15 January 2008

The Poor Man's TNF Blocker: Curcumin

Enbrel (Etanercept), an anti-arthritis drug, has recently been shown to improve cognition in Alzheimer's Disease patients, via Tumour Necrosis Factor (TNF) blocking. Even if Etanercept was approved for treating AD, a yearly dose of Enbrel would cost an Alzheimer's patient US $30,000 per year.

Curcumin (turmeric), a root spice used in Indian cooking, also blocks TNF. In addition, curcumin crosses the blood-brain-barrier readily. Prevalence of AD in Indian seniors is less than half the prevalence of AD in North Americans. Combining those facts suggests that Indians may be protected from Alzheimer's Disease by the contents of their diet, possibly via at least one of the same pathways that the drug Enbrel protects against AD.

In some studies in AD model mice, Beta Amyloid levels in mice given curcumin were reduced by 40% compared to levels in mice not given curcumin. Above a certain dose level of curcumin, the amyloid reduction affect of curcumin was diminished, however.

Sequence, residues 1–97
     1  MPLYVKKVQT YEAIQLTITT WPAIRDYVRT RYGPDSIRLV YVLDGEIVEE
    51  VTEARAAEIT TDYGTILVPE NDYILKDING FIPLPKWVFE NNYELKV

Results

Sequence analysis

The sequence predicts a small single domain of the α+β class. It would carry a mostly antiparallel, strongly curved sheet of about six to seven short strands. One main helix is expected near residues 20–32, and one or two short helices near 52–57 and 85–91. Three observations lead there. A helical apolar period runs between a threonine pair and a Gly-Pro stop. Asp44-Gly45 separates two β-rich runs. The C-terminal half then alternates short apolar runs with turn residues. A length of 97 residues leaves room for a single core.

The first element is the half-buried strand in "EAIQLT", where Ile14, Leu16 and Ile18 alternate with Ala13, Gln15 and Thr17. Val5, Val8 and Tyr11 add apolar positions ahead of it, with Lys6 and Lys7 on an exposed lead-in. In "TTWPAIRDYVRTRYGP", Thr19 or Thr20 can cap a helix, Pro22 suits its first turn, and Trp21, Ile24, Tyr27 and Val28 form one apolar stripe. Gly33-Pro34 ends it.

North American researchers have studied curcumin for protective effects in cancer and sepsis, and more recently have begun looking at curcumin for AD prevention. The common pathway for those diseases that is blocked by curcumin is our old friend, the NFkappaB pathway, triggered by TNF, among other things.

With the knowledge that AD is worsened by multiple TNF effects on glial cells in the brain, the importance of locating effective TNF inhibitors grows more urgent.

This article presents several other pharmacological effects of curcumin.

More information about the awakening of western medicine to Curcumin.

Nice article on curcumin by John Smart

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